A Russian public figure resigned from his post at the Ministry of Culture last week after accusing Culture Minister Vladimir Medinsky of leading a crackdown on artistic freedom against those critical of the Kremlin. In a letter addressed to Medinsky, Yevgeny Savostyanov, former head of Russia’s Coordination Council on Intellectual Property Protection, criticised the minister for what he called a major crackdown on “matters of public interest”.
“The reason for this decision is the stance that you and the Culture Ministry have taken on a range of important matters of public interest, as well as some of your statement and remarks for which I am ashamed,” Savostyanov wrote in his letter.
Making reference to attempts to have Russia’s Oscar-nominated Leviathan banned from screening in Russia, Savostyanov told RFE/RL that the culture ministry “should be seizing the opportunity and declaring that ‘No, there will be no more bans!’” The official opposition to Andrey Zvyagintsev’s film has been well documented in recent months, culminating in last week’s attack from Medinsky, who, rejecting the notion that the corruption and heavy drinking depicted in the film were specifically Russian tropes, dubbed the film “anti-Russian”.
Leviathan joins a growing number of cultural projects to have suffered at the hands of a Ministry of Culture increasingly intolerant to views which fail to toe the party line. In his letter, Savostyanov singled out and criticised Medinsky’s November decision to withdraw funding to Russia’s largest international documentary film festival Artdocfest due to its director Vitaly Mansky’s “anti-state” political opinions.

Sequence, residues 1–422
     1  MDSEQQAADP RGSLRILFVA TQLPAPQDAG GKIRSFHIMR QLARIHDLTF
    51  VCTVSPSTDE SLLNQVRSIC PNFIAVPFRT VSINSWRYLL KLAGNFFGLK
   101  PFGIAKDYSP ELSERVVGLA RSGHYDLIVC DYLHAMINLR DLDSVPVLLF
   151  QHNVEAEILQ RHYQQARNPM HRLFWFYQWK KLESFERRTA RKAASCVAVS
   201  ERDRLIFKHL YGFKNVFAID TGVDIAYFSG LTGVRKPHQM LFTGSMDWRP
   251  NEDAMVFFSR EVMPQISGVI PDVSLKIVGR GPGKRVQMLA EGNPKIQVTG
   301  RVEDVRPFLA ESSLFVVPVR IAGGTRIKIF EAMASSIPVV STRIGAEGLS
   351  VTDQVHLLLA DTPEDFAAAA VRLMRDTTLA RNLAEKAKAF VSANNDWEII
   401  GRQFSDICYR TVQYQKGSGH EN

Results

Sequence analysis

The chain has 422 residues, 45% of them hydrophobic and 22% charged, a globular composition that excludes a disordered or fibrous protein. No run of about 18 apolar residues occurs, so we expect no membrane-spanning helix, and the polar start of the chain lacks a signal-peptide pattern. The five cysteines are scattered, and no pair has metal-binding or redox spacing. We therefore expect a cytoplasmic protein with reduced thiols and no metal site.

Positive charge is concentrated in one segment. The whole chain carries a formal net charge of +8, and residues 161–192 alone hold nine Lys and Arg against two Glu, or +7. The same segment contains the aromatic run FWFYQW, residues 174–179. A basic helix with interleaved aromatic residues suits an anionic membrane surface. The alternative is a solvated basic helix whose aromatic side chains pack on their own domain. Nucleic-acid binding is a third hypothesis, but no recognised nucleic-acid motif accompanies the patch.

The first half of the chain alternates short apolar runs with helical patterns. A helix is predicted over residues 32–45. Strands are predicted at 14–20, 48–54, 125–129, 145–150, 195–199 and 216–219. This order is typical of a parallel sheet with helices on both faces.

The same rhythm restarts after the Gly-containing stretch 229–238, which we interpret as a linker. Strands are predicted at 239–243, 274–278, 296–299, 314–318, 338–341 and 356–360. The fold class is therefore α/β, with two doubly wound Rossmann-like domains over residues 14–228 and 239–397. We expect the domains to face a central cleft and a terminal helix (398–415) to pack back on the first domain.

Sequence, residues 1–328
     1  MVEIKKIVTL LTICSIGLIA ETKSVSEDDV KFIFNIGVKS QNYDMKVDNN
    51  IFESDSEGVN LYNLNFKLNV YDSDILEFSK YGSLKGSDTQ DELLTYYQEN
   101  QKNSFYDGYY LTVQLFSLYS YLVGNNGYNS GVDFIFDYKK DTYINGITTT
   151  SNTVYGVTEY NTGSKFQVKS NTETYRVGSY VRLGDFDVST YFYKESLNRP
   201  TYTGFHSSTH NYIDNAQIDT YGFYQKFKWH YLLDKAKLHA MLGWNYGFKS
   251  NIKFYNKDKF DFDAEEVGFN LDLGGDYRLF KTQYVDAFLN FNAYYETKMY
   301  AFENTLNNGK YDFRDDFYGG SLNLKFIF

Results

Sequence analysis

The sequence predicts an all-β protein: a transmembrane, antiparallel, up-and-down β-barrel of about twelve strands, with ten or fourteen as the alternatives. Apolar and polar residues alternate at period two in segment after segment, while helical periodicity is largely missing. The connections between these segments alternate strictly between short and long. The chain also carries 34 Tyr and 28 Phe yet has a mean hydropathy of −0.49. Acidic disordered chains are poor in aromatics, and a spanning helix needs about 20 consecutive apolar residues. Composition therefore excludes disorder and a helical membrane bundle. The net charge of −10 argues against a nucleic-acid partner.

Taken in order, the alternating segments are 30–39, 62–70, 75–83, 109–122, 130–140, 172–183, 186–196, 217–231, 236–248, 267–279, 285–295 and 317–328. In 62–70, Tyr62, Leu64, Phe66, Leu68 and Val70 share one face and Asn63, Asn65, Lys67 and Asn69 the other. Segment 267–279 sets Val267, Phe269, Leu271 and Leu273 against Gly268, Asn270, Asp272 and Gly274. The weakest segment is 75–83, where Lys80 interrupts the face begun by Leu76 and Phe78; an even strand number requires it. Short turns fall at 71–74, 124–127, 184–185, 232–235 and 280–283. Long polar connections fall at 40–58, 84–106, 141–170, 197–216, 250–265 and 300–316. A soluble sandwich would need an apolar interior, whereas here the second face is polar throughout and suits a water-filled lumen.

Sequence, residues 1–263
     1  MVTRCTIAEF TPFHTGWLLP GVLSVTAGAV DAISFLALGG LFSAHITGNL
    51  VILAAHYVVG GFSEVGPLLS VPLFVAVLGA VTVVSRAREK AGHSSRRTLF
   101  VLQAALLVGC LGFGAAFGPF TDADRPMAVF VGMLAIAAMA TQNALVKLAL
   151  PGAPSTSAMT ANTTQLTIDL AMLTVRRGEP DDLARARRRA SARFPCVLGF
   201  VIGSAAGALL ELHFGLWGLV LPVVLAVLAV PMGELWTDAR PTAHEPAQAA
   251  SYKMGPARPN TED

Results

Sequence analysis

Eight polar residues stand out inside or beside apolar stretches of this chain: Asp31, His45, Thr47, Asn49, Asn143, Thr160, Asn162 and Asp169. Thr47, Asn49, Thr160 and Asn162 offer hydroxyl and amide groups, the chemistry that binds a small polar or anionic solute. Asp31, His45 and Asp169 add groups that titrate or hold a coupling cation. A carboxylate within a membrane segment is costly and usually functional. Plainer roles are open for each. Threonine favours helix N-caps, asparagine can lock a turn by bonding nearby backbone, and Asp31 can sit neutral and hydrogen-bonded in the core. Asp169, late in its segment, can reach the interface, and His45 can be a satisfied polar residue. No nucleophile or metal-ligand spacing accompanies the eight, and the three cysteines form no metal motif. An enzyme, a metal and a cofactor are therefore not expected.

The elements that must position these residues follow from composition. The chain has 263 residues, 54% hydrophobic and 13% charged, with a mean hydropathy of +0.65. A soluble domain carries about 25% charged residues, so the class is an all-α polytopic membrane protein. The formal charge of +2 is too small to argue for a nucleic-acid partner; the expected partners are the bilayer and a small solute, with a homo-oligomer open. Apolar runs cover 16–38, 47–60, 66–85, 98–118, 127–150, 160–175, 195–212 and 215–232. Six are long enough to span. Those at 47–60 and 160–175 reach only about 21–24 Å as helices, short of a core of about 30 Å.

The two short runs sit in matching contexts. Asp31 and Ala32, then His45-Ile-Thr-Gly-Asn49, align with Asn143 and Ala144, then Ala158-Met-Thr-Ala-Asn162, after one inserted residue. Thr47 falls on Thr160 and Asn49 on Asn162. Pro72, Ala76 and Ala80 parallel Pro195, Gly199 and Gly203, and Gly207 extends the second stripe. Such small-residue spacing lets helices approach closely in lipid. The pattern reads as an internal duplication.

“When the minister said he would not grant funds to Mansky for his Artdocfest, I made amends by becoming a sponsor of the festival,” Savostyanov told Russian news agency Interfax. “But when the story with Teatr.doc began, I thought: ‘Why should I bear such mental costs?’”
Fearing a return to the censorship typical of Soviet times, Savostyanov told RFE/RL: “As we move further towards isolationism, it will impact the cultural and ideological sphere, too. We already went through this in the 1950s, 60s, and 70s … I’m very familiar with this atmosphere and I think it’s a huge step back. We haven’t seen anything like this since 1986-87…”
Since the political and military disturbances in Russia and Ukraine, Russia’s culture ministry has been increasingly intolerant to those who speak out against the actions of the Kremlin.